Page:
Present and future for the first time offer a person the experience of communication without direct physical presence. In the past, it was impossible to exist in society without the practice of real communication, which forced even the most notorious people to acquire communication skills. And now you can live in a densely populated city and not communicate with anyone for almost years: order food on the Internet. So virtual sex, which seemed exotic a few years ago, is now regarded by many as a full-fledged relationship.

    According to a study by Francisco Alonso-Fernandez, president of the European Society for Social Psychology and chair of the Complutense University of Madrid, author of the book Social Attachments, more than 7% of Internet users worldwide are addicted to cybersex. Virtual sex is a broader concept that includes phone sex, while cybersex, according to Wikipedia, is "a type of virtual sex, in its simplest form, which is masturbation in front of a computer monitor, where excitement comes from contemplating erotic images in combination with interactive communication on the Internet on the topic of sex".

    There are obvious benefits to cybersex:

    - Satisfies sexual needs without the risk of getting pregnant or contracting infections,

    - Allows teenagers to safely experiment with sexual thoughts and emotions,

    - Allows people with HIV to satisfy their sexual needs,

    - Allows people who are far apart to maintain an intimate relationship,

    - Allows you to realize the most extreme fantasies, including BDSM, bestiality, pedophilia, etc.

    Alonso-Fernandez explains people's attachment to cybersex by three factors: "Accessibility - that is, the ability to do it 24 hours a day in millions of different places; openness, which is determined by the legality and low cost of such services, and anonymity."

    But, like everything new, there are also serious drawbacks in virtual sex. After all, cybersex is not always limited exclusively to sex - sometimes such relationships are transformed into a real romance, and there are even cases when the virtual affection of one of the spouses led to a divorce. At the same time, dependence on the Internet can be combined with virtual addiction, and the number of people involved in cybersex is growing on Earth every day.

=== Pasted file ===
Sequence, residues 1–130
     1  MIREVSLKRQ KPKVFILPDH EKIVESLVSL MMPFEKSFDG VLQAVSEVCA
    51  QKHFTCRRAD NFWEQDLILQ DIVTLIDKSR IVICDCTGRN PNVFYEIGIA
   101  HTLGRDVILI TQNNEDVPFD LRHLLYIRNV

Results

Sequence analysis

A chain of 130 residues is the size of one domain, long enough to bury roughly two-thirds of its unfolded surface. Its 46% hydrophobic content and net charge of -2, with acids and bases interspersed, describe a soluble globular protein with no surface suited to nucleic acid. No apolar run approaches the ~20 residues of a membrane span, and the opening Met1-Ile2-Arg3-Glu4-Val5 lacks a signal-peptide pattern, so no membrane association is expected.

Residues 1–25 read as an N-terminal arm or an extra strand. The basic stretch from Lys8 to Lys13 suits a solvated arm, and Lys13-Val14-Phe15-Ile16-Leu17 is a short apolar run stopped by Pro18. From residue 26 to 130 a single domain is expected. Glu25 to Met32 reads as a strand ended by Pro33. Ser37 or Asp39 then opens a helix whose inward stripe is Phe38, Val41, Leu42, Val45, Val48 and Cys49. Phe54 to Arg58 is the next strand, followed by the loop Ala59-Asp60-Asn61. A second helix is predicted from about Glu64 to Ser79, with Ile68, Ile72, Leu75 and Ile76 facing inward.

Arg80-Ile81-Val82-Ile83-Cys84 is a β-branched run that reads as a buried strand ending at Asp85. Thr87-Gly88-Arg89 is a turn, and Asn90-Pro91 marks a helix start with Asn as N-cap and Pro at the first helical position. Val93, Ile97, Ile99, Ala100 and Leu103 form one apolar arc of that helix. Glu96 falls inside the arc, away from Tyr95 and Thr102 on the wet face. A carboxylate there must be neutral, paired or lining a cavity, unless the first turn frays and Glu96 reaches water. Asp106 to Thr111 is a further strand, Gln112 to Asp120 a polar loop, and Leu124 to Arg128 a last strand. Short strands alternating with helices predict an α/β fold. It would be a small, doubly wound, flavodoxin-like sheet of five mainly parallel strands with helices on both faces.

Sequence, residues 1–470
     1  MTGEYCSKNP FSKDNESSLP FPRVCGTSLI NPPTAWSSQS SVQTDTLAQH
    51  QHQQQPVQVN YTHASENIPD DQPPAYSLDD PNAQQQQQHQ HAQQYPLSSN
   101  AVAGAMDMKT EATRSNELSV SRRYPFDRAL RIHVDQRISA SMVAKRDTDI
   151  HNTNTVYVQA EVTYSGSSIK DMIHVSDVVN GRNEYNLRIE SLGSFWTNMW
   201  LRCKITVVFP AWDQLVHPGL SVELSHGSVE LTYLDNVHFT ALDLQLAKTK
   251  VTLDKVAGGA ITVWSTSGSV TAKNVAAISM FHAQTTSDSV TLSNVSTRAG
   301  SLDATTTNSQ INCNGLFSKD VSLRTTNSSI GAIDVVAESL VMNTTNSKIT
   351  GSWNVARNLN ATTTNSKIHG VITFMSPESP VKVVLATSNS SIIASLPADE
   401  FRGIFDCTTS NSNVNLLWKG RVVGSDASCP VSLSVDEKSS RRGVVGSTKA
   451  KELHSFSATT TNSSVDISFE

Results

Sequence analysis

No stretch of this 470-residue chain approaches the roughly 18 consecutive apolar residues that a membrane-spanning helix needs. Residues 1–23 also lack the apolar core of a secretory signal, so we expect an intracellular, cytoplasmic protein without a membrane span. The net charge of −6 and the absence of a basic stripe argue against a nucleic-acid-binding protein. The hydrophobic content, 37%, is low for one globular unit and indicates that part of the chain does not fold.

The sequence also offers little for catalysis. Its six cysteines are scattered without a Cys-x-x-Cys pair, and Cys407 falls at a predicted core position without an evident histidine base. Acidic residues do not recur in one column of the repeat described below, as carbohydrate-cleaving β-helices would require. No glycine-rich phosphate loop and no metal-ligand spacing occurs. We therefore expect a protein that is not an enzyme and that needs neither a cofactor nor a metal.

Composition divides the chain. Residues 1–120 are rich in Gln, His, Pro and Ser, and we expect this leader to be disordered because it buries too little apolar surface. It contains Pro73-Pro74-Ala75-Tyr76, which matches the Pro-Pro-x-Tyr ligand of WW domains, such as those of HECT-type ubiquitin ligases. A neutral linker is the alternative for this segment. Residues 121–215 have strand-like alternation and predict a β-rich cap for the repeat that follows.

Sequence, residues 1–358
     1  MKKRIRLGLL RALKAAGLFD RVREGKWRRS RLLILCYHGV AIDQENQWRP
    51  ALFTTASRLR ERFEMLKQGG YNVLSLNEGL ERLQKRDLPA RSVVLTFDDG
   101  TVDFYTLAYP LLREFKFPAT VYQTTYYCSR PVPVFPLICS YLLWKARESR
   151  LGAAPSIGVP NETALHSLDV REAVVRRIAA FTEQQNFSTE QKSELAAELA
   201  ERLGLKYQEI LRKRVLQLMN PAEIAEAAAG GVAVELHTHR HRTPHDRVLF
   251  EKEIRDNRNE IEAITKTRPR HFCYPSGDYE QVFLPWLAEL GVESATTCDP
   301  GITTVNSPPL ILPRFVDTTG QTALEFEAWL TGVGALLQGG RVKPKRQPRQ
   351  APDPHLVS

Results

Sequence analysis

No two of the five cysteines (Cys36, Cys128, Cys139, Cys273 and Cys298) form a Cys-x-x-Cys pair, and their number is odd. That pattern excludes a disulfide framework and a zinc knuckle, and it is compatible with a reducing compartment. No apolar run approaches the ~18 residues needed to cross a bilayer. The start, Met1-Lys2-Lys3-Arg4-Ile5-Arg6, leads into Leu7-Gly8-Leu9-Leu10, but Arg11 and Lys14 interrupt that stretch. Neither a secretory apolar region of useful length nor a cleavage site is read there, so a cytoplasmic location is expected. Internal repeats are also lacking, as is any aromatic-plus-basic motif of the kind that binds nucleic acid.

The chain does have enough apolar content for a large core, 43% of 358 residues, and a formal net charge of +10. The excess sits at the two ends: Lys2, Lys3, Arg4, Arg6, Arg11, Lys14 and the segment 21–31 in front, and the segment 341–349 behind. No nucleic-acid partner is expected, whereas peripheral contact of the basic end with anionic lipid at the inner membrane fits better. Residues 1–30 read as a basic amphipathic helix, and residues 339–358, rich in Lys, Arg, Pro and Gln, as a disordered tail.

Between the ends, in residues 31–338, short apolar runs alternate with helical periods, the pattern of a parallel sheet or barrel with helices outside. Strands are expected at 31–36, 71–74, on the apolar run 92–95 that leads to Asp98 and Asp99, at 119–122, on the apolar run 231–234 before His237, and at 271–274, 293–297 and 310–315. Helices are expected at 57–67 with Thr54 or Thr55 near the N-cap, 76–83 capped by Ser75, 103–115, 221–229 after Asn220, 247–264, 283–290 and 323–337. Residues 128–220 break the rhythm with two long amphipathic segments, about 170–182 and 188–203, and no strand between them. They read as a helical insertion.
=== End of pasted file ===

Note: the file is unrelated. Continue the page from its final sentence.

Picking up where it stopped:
"More than 50% of Internet users who have sex online have become addicted to excessive practice," says Alonso-Fernandez. characteristics.First, a large amount of time is devoted to this activity.Second, there is an impulsive desire to have such sex when a person loses control of himself and shows irritation at the impossibility of obtaining the desired pleasure. Third, a general poor state of health before the stimulating impulse and the satisfaction that follows after the act, coupled with guilt and low self-esteem.And finally, the systematic repetition of all three of the above, with an avid user of cybersex showing a negative attitude towards their environment: at home, in society, and even at work.

    Most of those who are "addicted" to cybersex do not have sexual contacts outside the network. Plus, such people have deviations in behavior, other addictions (sexual or chemical), depression, stressful situations, anxiety. Half of the lovers of virtual sex eventually lose interest in a partner in real life, if they have one. On the other hand, at any moment the "virtual" can understand that, in fact, it is still alone. This awareness can have various unpleasant consequences. It is possible to treat addiction to cybersex with the help of pharmacological agents and psychotherapy; a complete ban on the use of a computer and the Internet is likely.

    Learn more